Fab or flub: Ice Cream Magic

Posted Monday, Apr. 28, 2014  comments  Print Reprints
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After the complete fail of the last As Seen On TV product I reviewed, you would think I would stay away from any more of them for a while.

But I was hooked once again when I saw the infomercial for the Ice Cream Magic, a plastic ice cream maker that promises to make a single serving of fresh, soft-serve ice cream with just three minutes of continuous shaking.

Now maybe it was the promise of making my own delicious ice cream in just three minutes that got me, or maybe it was the cute little kids with their ice cream-smeared faces. Either way, I figured the product (if it worked) would make for a fun after-school activity for families.

I was able to track down the Ice Cream Magic at my local Walgreens for $10. The product, which is shaped like an ice cream cone, comes in three colors: pink, white and brown. I opted for white.

After making one more stop at the grocery store to pick up an ingredient I didn’t have, I went home ready to get my shake on.

First impression

On looks alone, the Ice Cream Magic is pretty adorable. Not only is it shaped like an ice cream cone, but it also comes with a matching ice cream cone-shaped spoon. I, however, was wary of this.

It seemed very possible that the cute design of the Ice Cream Magic was hiding the fact that it was an overall dud of a product.

I took the gadget apart so I could familiarize myself with it. It has four parts: the cover lid, the ingredients lid, a freezing bowl and an ice chamber.

Because the product marketing is aimed at kids, I wasn’t surprised to find that the instructions for the Ice Cream Magic are pretty simple.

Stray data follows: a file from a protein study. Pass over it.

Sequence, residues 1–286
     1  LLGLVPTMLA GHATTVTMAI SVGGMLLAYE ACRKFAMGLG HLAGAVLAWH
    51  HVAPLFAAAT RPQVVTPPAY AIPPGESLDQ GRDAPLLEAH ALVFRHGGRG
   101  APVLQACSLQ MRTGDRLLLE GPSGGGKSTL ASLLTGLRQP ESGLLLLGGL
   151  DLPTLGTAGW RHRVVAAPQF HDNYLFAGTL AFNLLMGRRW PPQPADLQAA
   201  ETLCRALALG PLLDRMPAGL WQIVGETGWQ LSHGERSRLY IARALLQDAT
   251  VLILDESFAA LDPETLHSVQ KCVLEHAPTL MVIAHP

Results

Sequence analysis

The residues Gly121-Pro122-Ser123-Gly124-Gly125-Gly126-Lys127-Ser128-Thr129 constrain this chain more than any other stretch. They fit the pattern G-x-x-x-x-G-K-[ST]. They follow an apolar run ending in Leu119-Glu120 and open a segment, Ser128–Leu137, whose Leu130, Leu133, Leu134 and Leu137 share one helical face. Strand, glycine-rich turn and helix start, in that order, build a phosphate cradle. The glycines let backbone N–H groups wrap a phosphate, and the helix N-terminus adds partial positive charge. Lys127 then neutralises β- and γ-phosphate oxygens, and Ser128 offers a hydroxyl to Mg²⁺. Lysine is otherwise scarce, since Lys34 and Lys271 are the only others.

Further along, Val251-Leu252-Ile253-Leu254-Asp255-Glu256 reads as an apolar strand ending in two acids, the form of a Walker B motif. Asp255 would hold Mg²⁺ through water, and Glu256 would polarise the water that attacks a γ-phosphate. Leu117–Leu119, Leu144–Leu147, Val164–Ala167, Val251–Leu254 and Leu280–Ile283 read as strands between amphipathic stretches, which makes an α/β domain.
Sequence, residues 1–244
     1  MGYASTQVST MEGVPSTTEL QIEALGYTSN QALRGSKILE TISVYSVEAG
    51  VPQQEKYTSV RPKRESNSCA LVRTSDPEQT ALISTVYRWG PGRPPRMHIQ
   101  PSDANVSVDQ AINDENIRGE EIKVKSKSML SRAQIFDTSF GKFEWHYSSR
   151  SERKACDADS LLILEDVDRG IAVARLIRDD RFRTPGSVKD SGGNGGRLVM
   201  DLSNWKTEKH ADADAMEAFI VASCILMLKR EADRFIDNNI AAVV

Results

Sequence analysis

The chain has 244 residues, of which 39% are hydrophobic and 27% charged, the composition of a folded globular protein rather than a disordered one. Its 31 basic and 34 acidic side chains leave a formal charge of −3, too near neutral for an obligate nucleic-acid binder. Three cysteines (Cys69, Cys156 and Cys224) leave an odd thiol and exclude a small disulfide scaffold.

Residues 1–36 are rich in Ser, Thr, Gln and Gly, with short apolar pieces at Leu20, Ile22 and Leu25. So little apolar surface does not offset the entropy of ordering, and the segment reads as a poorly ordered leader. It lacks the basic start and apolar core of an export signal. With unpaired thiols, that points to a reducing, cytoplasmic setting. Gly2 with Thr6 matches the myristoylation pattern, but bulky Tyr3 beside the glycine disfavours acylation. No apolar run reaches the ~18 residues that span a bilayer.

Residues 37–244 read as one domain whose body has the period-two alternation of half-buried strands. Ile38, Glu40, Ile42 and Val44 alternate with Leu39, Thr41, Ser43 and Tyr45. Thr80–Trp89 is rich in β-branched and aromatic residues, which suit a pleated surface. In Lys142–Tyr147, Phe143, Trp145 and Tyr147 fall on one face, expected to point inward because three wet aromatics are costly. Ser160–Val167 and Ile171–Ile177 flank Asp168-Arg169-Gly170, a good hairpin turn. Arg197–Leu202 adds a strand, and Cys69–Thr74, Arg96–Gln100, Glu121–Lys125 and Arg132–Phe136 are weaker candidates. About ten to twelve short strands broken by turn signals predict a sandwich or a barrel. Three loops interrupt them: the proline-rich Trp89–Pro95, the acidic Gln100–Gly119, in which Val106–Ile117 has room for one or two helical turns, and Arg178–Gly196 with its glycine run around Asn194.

I started by filling the ice chamber (or the cup portion of the product) with ice all the way up to the indicated line. Then I added to it 4 tablespoons of salt and 4 tablespoons of water.

After placing the freezing bowl (or medal dome, as I call it) on top of the ice chamber and popping it into place, I took 1/4 cup of heavy whipping cream and poured it up to the fill line.

Then it was time to choose a flavor.

Using Ice Cream Magic’s flavor guide, I opted for chocolate ice cream and added to my heavy cream 1/4 teaspoon vanilla extract, 1/2 tablespoon sugar and 1 tablespoon chocolate syrup. I sealed the freezing bowl with the ingredients lid, then screwed on the cover lid and began shaking my little heart out for three minutes.

It was at this point that I realized that three minutes is a really long time. After what seemed like an eternity, it was time for the big reveal. With eager fingers, I unscrewed the cover lid then pop opened the ingredients lid to find that the ice cream had not firmed.

It looked like soup. I poked around with my ice cream cone-shaped spoon. A small amount of ice cream seemed to form at the bottom of the freezing bowl, but for the most part it was liquid. Having followed the instructions carefully, I was stumped at what went wrong.

I tried it again, thinking the second time might be the charm.

Fab or flub?

Flub! In total, I tried the Ice Cream Magic three times and each yielded a similar result. Not surprisingly, Internet reviews revealed that many other users had wound up with soupy “ice cream,” too. There were, however, a handful of individuals who got it to work with modifications to the instructions. I decided to try some of these.

For my second attempt, I placed the freezing bowl in my freezer for an hour before using it in hopes the colder temperature would help the ice cream freeze better. The result was a more milkshakelike liquid, but not solid ice cream.

For my third attempt, I kept everything the same except I tried shaking the Ice Cream Magic for 15 minutes instead of the normal three. A great workout, but no solid ice cream.

From what I have concluded, the Ice Cream Magic does not work as presented in the instructions.

Sure you could tinker around with it and try modifying the original steps and ingredients, but that seems like devoting a lot more time to a product that was supposed to be a quick and easy way to make ice cream.

At the end of the day, I’d rather take my $10 to Cold Stone Creamery.

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